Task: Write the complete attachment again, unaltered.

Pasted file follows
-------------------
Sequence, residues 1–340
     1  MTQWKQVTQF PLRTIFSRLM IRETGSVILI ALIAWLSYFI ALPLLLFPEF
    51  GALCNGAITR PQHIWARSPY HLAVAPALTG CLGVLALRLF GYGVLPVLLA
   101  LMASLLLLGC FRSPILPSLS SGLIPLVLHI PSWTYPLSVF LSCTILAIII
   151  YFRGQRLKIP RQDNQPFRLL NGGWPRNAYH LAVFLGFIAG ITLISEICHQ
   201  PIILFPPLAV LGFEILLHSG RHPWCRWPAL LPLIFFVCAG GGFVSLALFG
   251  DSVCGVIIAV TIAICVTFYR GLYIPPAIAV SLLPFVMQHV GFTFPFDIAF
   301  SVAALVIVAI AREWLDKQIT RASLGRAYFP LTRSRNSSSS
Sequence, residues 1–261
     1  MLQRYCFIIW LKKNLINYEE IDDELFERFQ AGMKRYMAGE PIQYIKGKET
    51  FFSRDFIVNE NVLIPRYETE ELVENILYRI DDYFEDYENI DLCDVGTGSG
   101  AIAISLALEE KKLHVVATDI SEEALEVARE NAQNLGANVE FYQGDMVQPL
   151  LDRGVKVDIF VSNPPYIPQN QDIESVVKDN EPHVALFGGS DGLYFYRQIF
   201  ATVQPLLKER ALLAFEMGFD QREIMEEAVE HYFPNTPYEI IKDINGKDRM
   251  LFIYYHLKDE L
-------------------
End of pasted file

Sequence, residues 1–340
     1  MTQWKQVTQF PLRTIFSRLM IRETGSVILI ALIAWLSYFI ALPLLLFPEF
    51  GALCNGAITR PQHIWARSPY HLAVAPALTG CLGVLALRLF GYGVLPVLLA
   101  LMASLLLLGC FRSPILPSLS SGLIPLVLHI PSWTYPLSVF LSCTILAIII
   151  YFRGQRLKIP RQDNQPFRLL NGGWPRNAYH LAVFLGFIAG ITLISEICHQ
   201  PIILFPPLAV LGFEILLHSG RHPWCRWPAL LPLIFFVCAG GGFVSLALFG
   251  DSVCGVIIAV TIAICVTFYR GLYIPPAIAV SLLPFVMQHV GFTFPFDIAF
   301  SVAALVIVAI AREWLDKQIT RASLGRAYFP LTRSRNSSSS
Sequence, residues 1–261
     1  MLQRYCFIIW LKKNLINYEE IDDELFERFQ AGMKRYMAGE PIQYIKGKET
    51  FFSRDFIVNE NVLIPRYETE ELVENILYRI DDYFEDYENI DLCDVGTGSG
   101  AIAISLALEE KKLHVVATDI SEEALEVARE NAQNLGANVE FYQGDMVQPL
   151  LDRGVKVDIF VSNPPYIPQN QDIESVVKDN EPHVALFGGS DGLYFYRQIF
   201  ATVQPLLKER ALLAFEMGFD QREIMEEAVE HYFPNTPYEI IKDINGKDRM
   251  LFIYYHLKDE L